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With The New Album 'Dawn,' Yebba Sheds Old Beliefs


About five years ago, a video of the R&B singer Yebba performing for a small crowd went viral. With this smoky voice and an impressive wail, it seemed like she was on a short runway to stardom, but her debut album is only being released now. NPR's Sam Sanders wanted to know what took so long. A quick note - this story runs about four minutes, and it discusses suicide.

SAM SANDERS, BYLINE: Yebba's debut album is called "Dawn," and it's deceptive in the best way. Take the song "Stand." It sounds like a love song - Yebba mourning after a breakup.


YEBBA: (Singing) When you went away, moonlight took the day. Stars and darkness all collided in the loneliest of space.

SANDERS: But Yebba told me this song is about a lot more than just a fling.

YEBBA: "Stand" lyrically deals with the intrusive OCD thoughts and the PTSD, you know, just my conversation with that.

SANDERS: PTSD and OCD - heavy stuff. All throughout Yebba's album are lyrics and songs that, under close examination, are about something deeper - a big loss Yebba experienced just weeks after her professional career began. It was 2016. Yebba had just put out this video singing in front of a live audience belting this song called "My Mind."


YEBBA: (Singing) My mind, my mind.

SANDERS: Was it three weeks after that song came out there was some tragedy?

YEBBA: My mother committed suicide. Yeah.

SANDERS: Her mother's death stopped everything.

YEBBA: And I had to go through those - the first half of my 20s just missing my mom and, you know, in denial that she was gone, really.

SANDERS: Yebba processed that through her music. But she also knew that she didn't want to make a record just about her deep pain.

YEBBA: I just thought, you know, if I ever made music, I would want it to be something that is, you know, laced with hope and, like, joy and love and things that - you know, all of these things that we love the idea of. But I was very scared the entire time and very, just, panicked.

SANDERS: And so Yebba made an R&B album that wraps her panic and her grief in songs that can kind of read in several different ways. They're about a lover or a friend or yourself. Yebba's own story is in there, too, if you want to find it, but you don't have to.

YEBBA: Nobody needs more panic. You know, we already have that.

SANDERS: Throughout the album, Yebba's singular voice carries every song. In some moments, it's as if that voice is flying through the sky.


YEBBA: (Singing) I'll be sending all my love (vocalizing).

SANDERS: This skill came from years of training as a kid at a church her father pastored in Arkansas.

YEBBA: It was a small church, and it was a small town, so he didn't really have anybody, probably that had enough free time. So at 15, I was definitely picking the songs, picking the keys, teaching the arrangements, rearranging things, sometimes rewriting sections.

SANDERS: Perhaps the most lush arrangement on "Dawn" is a song most explicitly about Yebba's mother. It's called "October Sky."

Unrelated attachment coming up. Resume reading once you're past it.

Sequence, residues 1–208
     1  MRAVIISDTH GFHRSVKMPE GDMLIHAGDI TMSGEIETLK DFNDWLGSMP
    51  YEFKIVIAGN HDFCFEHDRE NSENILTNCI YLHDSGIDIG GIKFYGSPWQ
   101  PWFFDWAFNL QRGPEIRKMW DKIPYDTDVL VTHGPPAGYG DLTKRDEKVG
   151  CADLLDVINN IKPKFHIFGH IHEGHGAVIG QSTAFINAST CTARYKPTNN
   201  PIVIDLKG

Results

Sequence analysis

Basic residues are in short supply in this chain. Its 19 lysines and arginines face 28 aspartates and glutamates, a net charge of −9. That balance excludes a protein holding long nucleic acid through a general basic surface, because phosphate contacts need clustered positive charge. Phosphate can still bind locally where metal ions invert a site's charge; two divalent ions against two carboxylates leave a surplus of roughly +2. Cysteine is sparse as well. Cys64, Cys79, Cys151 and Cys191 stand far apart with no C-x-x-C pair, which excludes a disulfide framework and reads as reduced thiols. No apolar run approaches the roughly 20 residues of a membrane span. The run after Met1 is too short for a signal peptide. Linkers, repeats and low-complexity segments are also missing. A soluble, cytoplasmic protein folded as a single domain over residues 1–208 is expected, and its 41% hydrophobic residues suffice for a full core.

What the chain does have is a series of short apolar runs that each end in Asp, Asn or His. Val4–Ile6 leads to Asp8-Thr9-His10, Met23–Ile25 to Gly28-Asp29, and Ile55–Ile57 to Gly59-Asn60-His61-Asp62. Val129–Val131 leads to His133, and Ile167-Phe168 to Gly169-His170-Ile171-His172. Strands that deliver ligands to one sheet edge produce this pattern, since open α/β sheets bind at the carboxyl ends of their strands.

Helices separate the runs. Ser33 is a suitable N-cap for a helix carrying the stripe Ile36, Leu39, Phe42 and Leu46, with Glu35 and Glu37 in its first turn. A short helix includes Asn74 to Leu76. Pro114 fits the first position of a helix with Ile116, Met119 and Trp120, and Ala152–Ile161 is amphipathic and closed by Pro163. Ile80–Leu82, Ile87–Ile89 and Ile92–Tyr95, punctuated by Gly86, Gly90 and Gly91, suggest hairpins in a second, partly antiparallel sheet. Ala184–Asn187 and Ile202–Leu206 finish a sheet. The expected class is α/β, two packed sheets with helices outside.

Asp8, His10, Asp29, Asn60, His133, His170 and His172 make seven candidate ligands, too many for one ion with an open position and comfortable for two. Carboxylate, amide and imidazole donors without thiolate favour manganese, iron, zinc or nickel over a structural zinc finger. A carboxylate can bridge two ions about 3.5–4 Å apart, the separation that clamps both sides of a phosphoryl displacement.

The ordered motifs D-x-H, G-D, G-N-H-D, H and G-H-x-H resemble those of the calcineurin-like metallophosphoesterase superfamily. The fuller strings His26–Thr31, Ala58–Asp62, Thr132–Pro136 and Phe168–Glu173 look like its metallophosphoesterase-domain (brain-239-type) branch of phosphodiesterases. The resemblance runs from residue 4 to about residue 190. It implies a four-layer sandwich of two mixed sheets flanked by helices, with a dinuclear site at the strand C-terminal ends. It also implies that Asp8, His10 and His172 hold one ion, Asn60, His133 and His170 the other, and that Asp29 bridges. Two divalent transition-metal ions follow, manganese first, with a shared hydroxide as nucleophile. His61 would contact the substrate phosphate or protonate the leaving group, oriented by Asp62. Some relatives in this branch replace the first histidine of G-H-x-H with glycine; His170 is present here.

YEBBA: (Singing) Well, she slid down the hall in her socks and yelled, come outside. No, no, no, nothing's wrong. I just happen to have a surprise.

SANDERS: It's a memory from her youth. Yebba's mother, Dawn, she was a science teacher. And sometimes Dawn would bring supplies home from school to let her kids launch rockets themselves.

YEBBA: She'd bring all those science projects back to the house. We'd shoot off bottle rockets and, you know, measure the air pressure and the height.


YEBBA: (Singing) There's a picture of us hidden in a layer of dust on the mantle right by my cigarettes that I smoke since you left 'cause you said you had to fly.

SANDERS: This song, "October Sky," it's not just about the sadness Yebba experienced after her mother's death. It's also about the joyful memories she still has of her. And that is the beauty of Yebba's entire album. It's about the journey between joy and pain and a whole lot of other feelings. And it works because, really, that space between, it's always the most interesting part.

Sam Sanders, NPR News.


YEBBA: (Singing) I was outside shooting rockets almost as high.

KING: You can hear more of Sam's interview with Yebba on his podcast, It's Been A Minute. And if you are in crisis, please call the National Suicide Prevention Lifeline at 1-800-273-TALK.


YEBBA: (Singing) In your October... Transcript provided by NPR, Copyright NPR.

NPR transcripts are created on a rush deadline by an NPR contractor. This text may not be in its final form and may be updated or revised in the future. Accuracy and availability may vary. The authoritative record of NPR’s programming is the audio record.

Sam worked at Vermont Public Radio from October 1978 to September 2017 in various capacities – almost always involving audio engineering. He excels at sound engineering for live performances.
Sam Sanders
Sam Sanders is a correspondent and host of It's Been a Minute with Sam Sanders at NPR. In the show, Sanders engages with journalists, actors, musicians, and listeners to gain the kind of understanding about news and popular culture that can only be reached through conversation. The podcast releases two episodes each week: a "deep dive" interview on Tuesdays, as well as a Friday wrap of the week's news.